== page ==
To further prove that the developers spent all the time thinking of cool things to jam in their game and not how the game used them you have a collection of genuinely good concepts that are blatantly wasted for no reason! ie: you have some stealthy weapons, but the game always forces you into head-on confrontations, so what is the use for them? When piloting mechas you can transform them into some weird-ass vehicles that only make you move slightly faster, but since you lose control of your weapons and there are no situations that call for you to "run to x place" or "escape x thing" what's the use?? Want more? By the 3rd/4th mission you'll already have the full, yes FULL, arsenal for your mecha!! (well, except for that Red Riot thingie that you get at the end)... what's the point of being able to choose from eight or so super kickass weapons if they all just fall on your ass from the get-go? This may sound stupid, but remember how gaining each weapon was a dramatic and super thrilling moment in games like Half-Life or Doom?? And each one was instantly cleverly introduced to you so that you could carefully experiment and find out their pros and cons? Well, Shogo just throws the whole arsenal at you! Have fun! You just start choosing the ones that seem more powerful and work your way downwards! Geez... and the worst part is that the mecha weapons are incredibly cool! And speaking of Mechas, why didn't they introduce at least some differences in gameplay or interface? Would it have killed them to provide a HUD or something to remind you that you are actually in an armored behemoth and not just playing the same fps game only in gigantor-mode and with different textures? Man, what a waste....

Oh, and lest I forget: This early versions of the LithTech engine had some major issues with some 3D cards. I hardly think they are a problem nowadays, but they were one to me in it's time, with dissapearing walls, textures, critters, etc... Don't say I didn't warn you!

The Bottom Line
Shogo has a lot of cool elements and creative juice, but it doesn't seem to pull it down into the reality of it's own game. The game just feels like a loose collection of ideas and concepts, whenever they do merge together you get a glimpse of Shogo's potential, specially with it's fierce and intense firefights and Mecha action. But for the most part it's just an averagely entertaining game that's hard to recommend in the face of all the other superior games out there.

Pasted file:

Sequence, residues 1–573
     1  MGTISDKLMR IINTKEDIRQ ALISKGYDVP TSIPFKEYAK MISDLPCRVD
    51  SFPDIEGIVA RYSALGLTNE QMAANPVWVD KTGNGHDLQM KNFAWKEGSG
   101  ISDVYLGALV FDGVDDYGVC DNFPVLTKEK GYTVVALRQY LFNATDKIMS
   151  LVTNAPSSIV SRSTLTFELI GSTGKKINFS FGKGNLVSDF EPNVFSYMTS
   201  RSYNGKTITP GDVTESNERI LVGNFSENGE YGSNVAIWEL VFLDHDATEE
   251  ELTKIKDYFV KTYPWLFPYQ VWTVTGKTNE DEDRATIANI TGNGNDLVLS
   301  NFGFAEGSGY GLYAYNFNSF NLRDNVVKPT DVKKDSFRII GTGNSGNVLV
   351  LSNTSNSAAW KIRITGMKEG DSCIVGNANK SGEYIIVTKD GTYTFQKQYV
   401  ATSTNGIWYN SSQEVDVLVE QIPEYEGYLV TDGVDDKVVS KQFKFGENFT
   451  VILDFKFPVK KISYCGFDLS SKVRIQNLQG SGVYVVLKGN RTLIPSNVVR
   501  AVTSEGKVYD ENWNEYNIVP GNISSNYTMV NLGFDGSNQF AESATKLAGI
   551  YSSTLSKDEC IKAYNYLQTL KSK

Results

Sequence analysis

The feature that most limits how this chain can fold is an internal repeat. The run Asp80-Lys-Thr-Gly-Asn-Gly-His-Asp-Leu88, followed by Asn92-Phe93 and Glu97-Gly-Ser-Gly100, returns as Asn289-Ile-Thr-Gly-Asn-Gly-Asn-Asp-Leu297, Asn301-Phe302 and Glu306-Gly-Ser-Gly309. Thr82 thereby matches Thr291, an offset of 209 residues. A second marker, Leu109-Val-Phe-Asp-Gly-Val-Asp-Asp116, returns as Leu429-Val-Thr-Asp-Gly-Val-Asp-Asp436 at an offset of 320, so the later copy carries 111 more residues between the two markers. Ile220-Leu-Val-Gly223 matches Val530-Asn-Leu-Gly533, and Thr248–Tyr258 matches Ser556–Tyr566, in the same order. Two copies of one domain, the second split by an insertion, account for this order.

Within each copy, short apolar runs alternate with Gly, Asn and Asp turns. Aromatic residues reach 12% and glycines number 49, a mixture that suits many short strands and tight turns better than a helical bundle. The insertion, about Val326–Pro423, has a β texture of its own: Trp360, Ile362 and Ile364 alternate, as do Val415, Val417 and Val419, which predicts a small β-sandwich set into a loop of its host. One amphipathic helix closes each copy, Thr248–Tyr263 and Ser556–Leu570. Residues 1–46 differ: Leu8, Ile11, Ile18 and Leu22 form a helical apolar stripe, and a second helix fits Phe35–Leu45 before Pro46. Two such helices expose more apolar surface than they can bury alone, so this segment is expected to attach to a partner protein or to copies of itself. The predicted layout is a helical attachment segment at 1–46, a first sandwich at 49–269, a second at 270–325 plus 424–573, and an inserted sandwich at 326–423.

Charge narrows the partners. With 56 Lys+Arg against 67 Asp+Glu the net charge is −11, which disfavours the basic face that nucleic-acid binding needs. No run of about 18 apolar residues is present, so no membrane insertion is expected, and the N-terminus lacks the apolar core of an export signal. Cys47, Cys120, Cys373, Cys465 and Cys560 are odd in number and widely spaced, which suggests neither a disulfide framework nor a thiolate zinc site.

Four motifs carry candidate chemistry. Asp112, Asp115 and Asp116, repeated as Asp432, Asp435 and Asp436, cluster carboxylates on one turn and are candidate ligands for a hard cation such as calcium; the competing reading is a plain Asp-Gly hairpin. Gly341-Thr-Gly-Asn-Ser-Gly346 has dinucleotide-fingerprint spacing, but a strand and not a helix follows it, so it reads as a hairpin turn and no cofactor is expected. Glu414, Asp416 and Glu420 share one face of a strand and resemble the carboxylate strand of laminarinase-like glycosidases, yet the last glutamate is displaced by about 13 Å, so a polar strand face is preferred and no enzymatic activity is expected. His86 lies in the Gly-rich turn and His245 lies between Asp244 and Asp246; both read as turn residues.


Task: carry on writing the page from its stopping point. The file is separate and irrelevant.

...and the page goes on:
Windows · by Zovni (10503) · 2003

No go.

The Good
Shogo combined the giant robot antics of Mechwarrior with the infantry shooting of something like Quake. It was one of a pair of games from 1998 that used the original Lithtech 3D engine. Whereas the other game, Blood II, was tedium incarnate, Shogo was entertaining but frustratingly bitty. It is strange that there was never a sequel.

I enjoyed Shogo, and this despite the fact that I generally despise fans of Japanese animation. I do not so much despise the animation itself - which looks lovely - but the fans, who are loathsome. The Wikipedia entry for this game repels me, with its thousand-word summary of the game's plot, which is soap opera drivel of the "and then he did this and then he did that and this happened and they went there and did that" variety. A lot of things happen, but it means nothing. It is complicated like a plate of mashed potato; the crevices and crags are infinite in their variety but it is nonetheless just a blob of mashed spud. A work of art is more than a description of the composition and arrangement of its component parts.

The graphics were very attractive for 1998, particularly the cloudy skies, smoke trails, and glowing lights, although the objects and buildings were also very simple. The decision to use a mannered graphic style - based on Japanese kid's cartoons - worked well to hide the simplicity and low polygon count. Nonetheless the game had a clean, simple, futuristic design. The ability of your mech to leap tall buildings with a single bound was liberating.

The walking-about gameplay was, surprisingly, more realistic than that of Quake and its ilk. You could kill the infantry soldiers with one or two shots, and they could damage you badly too. It was almost Rainbow Six-esque, and it is only recently that this type of gameplay has become mainstream. For once there was an incentive for you to duck behind corners, although it always seemed a little half-baked - as if the designers had planned a more complicated game, but time pressures had forced them to cut corners. I can only review the finished product, not the process.

The Bad
That was the thing. The game seemed half-finished; as if the designers had wrapped it up, but had been pressed for time to polish it or add anything other than the bare bones. The levels were short and it didn't take long to finish the game. When you did, you were let down by a clearly unfinished final animation. There was a story; it didn't mean anything. I can name some of the people from Deus Ex, which I have not played in years, but the story and milieu of Shogo has fled my mind. Deus Ex had events, whereas Shogo was just a lot of incidents.

The levels alternated between giant robot combat and running around on the ground. But the two modes felt almost the same, and the gameplay was fundamentally identical, except from a higher perspective. You could turn your robot into an unarmed but fast ground car, although there was never any reason to do so. Your robot moved around and sidestepped just like a person. It did not have inertia and it did not feel like a hundred tonnes of metal, unlike the robots from Mechwarrior 2, which were hefty.

Some of the platform action was frustrating; I remember one level which involved jumping about in the clouds, and you could easily plummet to your death, which was plausible all right but no fun.

Although the game was inspired by Japanese animation, it didn't go all the way. The cityscapes were anonymous. The mechs were clunky, the characters were not exaggerated enough. Shogo's biggest failing was that it was bland.